Ankara reiterates support for Crimean Tatars, decries Russian ‘occupation’
People walk under an electronic screen showing nationwide call-in attended by Russian President Vladimir Putin on a street of the Black Sea port of Sevastopol, Crimea, April 14, 2016 - REUTERS photoAnkara has voiced strong support to the Crimean Tatars while decrying Russia’s 2014 “occupation” of Crimea on the occasion of the anniversary of the 1944 deportation of some 200,000 Tatars from Crimea.
“Turkey will not forget or allow anyone to forget the grievances which originated from this atrocity that aimed at erasing a people from history and will continue standing by the Crimean Tatars in their democratic, peaceful and righteous struggle,” Turkish Foreign Ministry Spokesperson Tanju Bilgiç said in a written statement released on May 17.
“The wounds that this atrocity has opened are still fresh in the memory of the Crimean Tatar people and of Turkey, which received their kin during their difficult days. Russia’s occupation of Crimea and its illegal annexation has once more twisted the knife in these wounds 70 years after the exile,” Bilgiç said in his statement, which came in the form of an official answer to a journalist’s question.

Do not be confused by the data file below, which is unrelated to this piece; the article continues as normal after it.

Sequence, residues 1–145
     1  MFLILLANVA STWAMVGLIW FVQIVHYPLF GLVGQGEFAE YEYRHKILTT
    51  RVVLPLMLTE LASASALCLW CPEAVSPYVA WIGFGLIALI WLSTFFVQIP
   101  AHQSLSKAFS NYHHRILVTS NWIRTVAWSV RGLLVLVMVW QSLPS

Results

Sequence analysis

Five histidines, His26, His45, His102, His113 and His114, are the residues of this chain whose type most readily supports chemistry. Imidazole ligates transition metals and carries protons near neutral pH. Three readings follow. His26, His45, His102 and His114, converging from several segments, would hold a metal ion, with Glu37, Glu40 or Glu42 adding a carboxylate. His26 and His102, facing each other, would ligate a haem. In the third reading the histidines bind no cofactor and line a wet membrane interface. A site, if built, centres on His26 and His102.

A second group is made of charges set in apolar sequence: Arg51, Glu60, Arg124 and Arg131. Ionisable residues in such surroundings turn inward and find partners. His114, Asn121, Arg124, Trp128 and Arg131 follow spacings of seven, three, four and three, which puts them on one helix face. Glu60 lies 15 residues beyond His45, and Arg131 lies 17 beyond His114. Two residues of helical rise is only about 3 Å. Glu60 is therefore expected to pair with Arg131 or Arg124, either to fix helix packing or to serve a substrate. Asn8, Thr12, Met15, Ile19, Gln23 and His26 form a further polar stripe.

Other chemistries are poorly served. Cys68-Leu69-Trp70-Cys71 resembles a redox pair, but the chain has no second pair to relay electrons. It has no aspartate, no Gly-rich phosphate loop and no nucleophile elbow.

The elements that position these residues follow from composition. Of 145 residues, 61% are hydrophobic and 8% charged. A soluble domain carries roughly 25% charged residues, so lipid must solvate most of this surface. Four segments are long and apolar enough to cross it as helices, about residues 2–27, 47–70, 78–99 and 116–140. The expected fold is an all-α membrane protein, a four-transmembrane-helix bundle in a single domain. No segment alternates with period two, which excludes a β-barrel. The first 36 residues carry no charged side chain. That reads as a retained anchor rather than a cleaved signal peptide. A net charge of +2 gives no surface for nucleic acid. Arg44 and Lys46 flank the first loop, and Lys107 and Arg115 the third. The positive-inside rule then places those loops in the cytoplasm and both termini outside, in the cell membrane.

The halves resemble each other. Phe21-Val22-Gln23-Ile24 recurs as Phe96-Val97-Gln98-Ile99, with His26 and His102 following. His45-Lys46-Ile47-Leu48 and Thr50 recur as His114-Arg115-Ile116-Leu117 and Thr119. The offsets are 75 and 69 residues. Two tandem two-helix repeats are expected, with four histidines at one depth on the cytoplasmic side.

“On the anniversary of the exile, we condemn this ethnic cleansing which passed into history as a black spot,” he said.
On May 16, Turkish President Recep Tayyip Erdoğan, in a phone call, congratulated Ukraine’s Jamala, a 32-year-old Crimean Tatar, for her Eurovision victory.
The U.N. human rights office said on May 17 Jamala’s victory “makes no difference on the ground” for Crimean Tatars, who have faced growing problems since Russia assumed control of the Black Sea peninsula in 2014 following a plebiscite.
Rupert Colville of the Office of the High Commissioner for Human Rights says some Tatars like Jamala “might take some solace that their story is not forgotten.”
At a U.N. briefing on May 17, Colville highlighted the May 18 anniversary of the deportation of some 200,000 Tatars, including Jamala’s grandmother, from Crimea in 1994 during World War II. Tens of thousands returned since.
He said the situation of Tatars has “deteriorated” since the Russian annexation, citing issues like arbitrary searches, the shutdown of media outlets and a ban on a Tatar assembly.